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Build 2000


Trent research associate in the news

On the shores of Lake Huron, a shipwreck, believed to be the oldest ever discovered on the Great Lakes, has been excavated under the direction of Ken Cassavoy, marine archaeologist and a Trent University research associate.

The excavation, which began in May at Southampton Beach - 35 kilometres west of Owen Sound, has received widespread media attention and on July 13, was featured on CTV News.


Mr. Cassavoy says the wreck, dated to the late 1700s, is probably the merchant schooner "Weazell" built in 1786 at Detroit and lost at Southampton in 1798.

Low Lake Huron water levels and a spring ice scour in April of 2001 uncovered about a dozen ship frames pushing up through the sand of Southampton Beach. Since then, two short periods of test archaeological excavations on the site have revealed the presence of substantial remains of this earliest wreck, buried under the sand. During the 2002 work, excavators found a small-bore swivel cannon lying in the hold of the wreck - a unique find on a Great Lakes merchant ship. (To read about this find, visit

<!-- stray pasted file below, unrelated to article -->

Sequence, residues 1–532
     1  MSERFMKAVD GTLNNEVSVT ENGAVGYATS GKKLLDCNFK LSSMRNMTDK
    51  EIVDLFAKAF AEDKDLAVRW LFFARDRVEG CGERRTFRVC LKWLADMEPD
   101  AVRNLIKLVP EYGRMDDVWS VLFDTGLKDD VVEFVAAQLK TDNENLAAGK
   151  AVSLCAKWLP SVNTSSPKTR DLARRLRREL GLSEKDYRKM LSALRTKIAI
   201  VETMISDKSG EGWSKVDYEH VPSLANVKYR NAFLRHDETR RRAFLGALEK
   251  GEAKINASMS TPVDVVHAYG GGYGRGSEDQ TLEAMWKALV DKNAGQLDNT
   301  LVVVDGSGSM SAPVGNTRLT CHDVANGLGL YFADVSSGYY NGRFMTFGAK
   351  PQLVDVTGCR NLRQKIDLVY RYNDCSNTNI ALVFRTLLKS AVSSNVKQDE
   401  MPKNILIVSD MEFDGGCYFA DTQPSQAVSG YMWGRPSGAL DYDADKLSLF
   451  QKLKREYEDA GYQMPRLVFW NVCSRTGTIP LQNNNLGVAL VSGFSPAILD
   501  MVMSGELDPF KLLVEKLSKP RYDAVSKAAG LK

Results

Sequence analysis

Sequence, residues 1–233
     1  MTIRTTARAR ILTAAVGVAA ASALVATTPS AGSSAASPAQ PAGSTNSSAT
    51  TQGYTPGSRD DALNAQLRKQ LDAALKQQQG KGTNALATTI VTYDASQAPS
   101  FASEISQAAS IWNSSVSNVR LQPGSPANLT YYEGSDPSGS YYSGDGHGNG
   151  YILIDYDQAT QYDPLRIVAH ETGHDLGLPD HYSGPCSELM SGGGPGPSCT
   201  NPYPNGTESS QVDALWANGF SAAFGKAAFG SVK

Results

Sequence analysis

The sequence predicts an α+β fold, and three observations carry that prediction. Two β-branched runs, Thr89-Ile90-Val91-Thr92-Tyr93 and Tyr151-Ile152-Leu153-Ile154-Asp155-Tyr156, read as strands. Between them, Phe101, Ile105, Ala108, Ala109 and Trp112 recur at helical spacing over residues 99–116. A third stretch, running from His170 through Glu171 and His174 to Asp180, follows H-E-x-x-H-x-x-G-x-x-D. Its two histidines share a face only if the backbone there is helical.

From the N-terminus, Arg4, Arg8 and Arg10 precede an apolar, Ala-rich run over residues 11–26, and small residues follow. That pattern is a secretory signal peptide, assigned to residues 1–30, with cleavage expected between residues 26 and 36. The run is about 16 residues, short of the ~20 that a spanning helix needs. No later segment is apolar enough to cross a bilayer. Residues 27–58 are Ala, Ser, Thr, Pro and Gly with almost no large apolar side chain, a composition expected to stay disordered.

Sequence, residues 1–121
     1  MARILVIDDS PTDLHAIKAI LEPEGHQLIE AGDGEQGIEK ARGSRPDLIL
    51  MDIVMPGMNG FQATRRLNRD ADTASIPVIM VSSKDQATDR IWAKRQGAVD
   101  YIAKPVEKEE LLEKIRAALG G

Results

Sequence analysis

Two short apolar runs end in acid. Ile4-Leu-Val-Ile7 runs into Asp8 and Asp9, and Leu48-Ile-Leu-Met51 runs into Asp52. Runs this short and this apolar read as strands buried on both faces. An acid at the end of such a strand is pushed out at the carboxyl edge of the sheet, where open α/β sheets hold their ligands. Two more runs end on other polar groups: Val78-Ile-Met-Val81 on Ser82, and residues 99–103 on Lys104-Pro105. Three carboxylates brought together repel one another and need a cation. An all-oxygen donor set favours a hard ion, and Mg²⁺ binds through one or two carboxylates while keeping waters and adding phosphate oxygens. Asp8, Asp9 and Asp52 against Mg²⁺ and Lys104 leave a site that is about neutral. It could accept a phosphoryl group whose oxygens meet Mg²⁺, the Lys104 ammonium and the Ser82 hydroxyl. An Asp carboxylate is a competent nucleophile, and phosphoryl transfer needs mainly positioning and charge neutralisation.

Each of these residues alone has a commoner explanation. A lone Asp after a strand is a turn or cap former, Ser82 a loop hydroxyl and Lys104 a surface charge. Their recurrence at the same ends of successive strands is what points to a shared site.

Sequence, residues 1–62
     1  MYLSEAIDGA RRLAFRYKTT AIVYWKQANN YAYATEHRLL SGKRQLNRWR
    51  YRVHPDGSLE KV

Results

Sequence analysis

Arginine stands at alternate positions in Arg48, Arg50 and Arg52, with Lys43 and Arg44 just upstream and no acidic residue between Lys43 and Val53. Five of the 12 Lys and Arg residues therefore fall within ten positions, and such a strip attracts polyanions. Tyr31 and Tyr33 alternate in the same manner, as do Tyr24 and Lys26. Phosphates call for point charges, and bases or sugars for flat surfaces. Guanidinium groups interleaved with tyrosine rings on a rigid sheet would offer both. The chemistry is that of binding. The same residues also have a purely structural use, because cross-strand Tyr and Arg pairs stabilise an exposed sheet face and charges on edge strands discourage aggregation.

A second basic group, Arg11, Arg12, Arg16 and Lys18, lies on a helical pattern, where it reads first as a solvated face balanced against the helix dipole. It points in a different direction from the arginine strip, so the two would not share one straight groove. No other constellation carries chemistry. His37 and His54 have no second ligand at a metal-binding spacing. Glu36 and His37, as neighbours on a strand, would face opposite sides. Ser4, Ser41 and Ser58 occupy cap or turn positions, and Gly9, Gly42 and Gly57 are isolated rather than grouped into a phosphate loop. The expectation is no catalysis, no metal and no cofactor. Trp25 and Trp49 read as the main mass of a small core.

In May the excavation team began opening up the entire interior of the vessel as well as the full exterior on the starboard side of the schooner. Mr. Cassavoy says the excavation, carried out under his Archaeological License from the Ontario Ministry of Culture, was to provide full details on how this historic merchant vessel was constructed. The work is being done by volunteer excavators working under the direction of volunteer professional archaeologists.

"I doubt this kind of major archaeological excavation could be done anywhere except in a community such as Southampton and Saugeen Shores. The volunteer support of the general public, as well as area businesses and agencies is absolutely unbelievable. Without that kind of help we simply couldn't do the work on this extremely important shipwreck," stated Mr. Cassavoy in April.

Posted July 14, 2004

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